On Friday afternoon, Scripps journalists visited a Washington, D.C.-area gun shop to see how easy it would be to purchase a high-capacity ammunition magazine.
The shootings in an Aurora, Colo., movie theater Thursday night are likely to bring the issue of gun control and ownership of the magazines back into national debate.
The magazines are again legal to own in the United States after being banned during the Clinton administration and come in various capacities. In about 10 minutes, Scripps producer Chris Cantergiani bought a 33-round 9 mm magazine for a Glock handgun for $43 in Falls Church, Va.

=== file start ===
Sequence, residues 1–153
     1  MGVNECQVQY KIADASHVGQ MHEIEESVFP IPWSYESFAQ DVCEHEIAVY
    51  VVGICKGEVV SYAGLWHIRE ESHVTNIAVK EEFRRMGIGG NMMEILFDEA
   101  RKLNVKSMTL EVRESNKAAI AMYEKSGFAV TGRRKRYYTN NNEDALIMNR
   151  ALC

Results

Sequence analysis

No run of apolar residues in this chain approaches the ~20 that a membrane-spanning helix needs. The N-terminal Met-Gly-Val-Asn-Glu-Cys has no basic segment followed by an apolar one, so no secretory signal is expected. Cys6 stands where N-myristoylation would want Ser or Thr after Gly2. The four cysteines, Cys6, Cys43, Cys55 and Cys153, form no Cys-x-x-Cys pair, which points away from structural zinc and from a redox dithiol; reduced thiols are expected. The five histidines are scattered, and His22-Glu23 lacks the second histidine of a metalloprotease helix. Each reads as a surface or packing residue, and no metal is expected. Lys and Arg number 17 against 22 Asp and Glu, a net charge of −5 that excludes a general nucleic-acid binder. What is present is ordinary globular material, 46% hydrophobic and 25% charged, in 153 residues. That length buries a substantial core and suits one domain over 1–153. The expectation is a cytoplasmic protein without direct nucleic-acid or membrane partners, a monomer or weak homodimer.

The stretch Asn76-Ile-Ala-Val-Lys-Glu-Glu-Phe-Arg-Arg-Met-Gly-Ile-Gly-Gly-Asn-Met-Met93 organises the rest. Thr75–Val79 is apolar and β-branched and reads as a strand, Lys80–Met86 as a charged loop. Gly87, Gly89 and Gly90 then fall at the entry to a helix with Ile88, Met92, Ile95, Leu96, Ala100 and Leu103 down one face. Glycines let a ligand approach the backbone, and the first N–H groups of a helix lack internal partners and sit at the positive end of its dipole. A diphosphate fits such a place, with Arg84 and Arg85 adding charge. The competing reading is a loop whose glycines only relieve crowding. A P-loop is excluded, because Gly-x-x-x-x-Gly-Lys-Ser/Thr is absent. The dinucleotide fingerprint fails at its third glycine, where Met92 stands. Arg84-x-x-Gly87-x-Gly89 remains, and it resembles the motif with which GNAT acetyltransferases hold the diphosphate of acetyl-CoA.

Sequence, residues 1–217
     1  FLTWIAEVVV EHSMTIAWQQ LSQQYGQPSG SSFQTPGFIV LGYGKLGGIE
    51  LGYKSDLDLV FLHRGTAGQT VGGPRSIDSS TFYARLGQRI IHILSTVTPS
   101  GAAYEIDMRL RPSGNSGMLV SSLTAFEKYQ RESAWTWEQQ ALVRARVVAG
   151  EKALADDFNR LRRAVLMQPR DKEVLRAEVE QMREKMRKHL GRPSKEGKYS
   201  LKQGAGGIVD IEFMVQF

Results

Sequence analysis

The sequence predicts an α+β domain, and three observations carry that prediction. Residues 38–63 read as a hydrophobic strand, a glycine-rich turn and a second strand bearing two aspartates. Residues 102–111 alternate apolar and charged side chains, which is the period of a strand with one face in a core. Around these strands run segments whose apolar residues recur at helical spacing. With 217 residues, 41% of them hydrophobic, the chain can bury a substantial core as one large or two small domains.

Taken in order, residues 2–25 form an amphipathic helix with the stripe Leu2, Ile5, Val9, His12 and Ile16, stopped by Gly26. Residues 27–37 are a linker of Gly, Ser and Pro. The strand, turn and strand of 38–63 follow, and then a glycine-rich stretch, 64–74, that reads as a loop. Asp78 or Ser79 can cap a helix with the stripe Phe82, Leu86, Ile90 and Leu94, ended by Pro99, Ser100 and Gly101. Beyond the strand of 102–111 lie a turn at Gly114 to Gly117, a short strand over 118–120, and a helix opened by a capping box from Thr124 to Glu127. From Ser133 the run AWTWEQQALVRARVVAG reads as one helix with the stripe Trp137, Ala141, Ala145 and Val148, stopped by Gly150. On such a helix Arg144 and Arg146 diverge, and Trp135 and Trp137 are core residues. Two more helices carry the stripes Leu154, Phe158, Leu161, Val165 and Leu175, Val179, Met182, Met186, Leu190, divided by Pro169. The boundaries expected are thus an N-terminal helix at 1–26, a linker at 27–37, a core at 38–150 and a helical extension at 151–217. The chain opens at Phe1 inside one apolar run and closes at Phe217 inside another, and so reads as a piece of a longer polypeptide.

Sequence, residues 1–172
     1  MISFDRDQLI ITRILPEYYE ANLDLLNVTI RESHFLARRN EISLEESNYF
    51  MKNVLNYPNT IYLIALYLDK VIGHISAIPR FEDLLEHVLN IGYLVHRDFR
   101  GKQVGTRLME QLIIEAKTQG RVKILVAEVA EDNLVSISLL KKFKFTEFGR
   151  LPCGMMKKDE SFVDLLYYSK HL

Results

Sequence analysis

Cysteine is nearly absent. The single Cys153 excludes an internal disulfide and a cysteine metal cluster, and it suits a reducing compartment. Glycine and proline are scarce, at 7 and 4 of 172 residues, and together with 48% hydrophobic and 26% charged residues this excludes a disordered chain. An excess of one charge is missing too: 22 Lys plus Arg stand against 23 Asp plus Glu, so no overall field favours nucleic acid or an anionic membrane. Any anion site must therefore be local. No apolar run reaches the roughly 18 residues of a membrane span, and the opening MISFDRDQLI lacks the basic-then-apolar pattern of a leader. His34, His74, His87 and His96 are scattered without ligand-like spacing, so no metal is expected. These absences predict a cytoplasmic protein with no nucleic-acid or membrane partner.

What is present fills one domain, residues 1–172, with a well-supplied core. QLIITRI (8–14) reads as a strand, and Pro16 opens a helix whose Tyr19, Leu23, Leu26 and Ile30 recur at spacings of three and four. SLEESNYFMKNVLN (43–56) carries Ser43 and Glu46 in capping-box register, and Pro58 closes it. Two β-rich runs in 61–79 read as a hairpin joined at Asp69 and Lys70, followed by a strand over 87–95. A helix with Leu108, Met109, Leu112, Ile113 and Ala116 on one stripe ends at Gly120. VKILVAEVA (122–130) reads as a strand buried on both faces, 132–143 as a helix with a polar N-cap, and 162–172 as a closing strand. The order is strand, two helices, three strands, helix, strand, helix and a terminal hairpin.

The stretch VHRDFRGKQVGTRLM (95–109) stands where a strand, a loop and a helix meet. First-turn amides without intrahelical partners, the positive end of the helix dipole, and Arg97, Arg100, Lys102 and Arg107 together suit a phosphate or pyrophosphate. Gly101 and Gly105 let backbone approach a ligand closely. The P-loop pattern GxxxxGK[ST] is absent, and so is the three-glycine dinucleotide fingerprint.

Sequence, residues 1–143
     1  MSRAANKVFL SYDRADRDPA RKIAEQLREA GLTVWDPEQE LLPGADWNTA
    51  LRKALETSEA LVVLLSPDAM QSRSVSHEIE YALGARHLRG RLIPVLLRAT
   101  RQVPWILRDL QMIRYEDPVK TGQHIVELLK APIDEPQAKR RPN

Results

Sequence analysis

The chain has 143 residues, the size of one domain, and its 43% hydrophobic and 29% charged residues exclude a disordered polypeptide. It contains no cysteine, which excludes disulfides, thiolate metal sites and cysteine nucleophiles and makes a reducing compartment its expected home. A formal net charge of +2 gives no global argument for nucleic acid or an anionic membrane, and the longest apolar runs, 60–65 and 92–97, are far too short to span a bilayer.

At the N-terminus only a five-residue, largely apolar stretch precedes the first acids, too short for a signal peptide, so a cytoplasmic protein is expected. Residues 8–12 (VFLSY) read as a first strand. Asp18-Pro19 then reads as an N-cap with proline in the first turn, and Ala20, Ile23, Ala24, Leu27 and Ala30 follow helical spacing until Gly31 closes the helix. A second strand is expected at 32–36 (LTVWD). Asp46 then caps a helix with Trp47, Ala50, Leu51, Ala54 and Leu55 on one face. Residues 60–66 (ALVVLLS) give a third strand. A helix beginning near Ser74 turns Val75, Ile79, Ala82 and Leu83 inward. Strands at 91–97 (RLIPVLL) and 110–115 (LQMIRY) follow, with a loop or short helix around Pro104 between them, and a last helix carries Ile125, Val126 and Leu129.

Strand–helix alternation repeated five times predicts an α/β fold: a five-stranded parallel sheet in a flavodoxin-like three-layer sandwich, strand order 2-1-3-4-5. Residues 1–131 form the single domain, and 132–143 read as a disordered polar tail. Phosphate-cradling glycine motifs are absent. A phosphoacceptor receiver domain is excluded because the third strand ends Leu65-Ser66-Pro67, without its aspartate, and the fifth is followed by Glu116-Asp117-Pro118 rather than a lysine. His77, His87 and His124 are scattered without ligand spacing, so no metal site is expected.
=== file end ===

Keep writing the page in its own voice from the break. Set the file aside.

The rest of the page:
The high-capacity magazines, which require less reloading, were banned by legislation as part of the Violent Crime Control and Law Enforcement Act of 1994. But the ban expired during the George W. Bush administration in 2004.
Some states enacted their owns bans, including California, Hawaii, Maryland, Massachusetts, New Jersey and New York, according to research by National Conference of State Legislatures. Massachusetts' provision has come under legal dispute.
The National Rifle Association (NRA) has defended the sales of the magazines, saying they are needed for self-defense.
Daniel Vice, senior attorney for the Brady Campaign to Prevent Gun Violence, said it's time to reinstate the magazine ban.
"Buying a weapon or ammo shouldn't be as easy as buying a loaf of bread," he said. "We need leadership. We need action to strengthen our gun laws to stop this from happening again."